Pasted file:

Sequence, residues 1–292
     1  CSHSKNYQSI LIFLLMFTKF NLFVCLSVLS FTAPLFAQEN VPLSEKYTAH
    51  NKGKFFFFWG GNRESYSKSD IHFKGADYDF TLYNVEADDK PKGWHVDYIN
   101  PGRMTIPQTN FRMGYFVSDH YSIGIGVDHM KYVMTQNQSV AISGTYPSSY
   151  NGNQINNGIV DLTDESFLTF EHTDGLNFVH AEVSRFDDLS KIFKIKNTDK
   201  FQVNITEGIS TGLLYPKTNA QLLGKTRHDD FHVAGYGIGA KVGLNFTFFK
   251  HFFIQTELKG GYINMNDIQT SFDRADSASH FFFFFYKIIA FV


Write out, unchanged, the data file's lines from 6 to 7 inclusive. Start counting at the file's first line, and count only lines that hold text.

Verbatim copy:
   201  FQVNITEGIS TGLLYPKTNA QLLGKTRHDD FHVAGYGIGA KVGLNFTFFK
   251  HFFIQTELKG GYINMNDIQT SFDRADSASH FFFFFYKIIA FV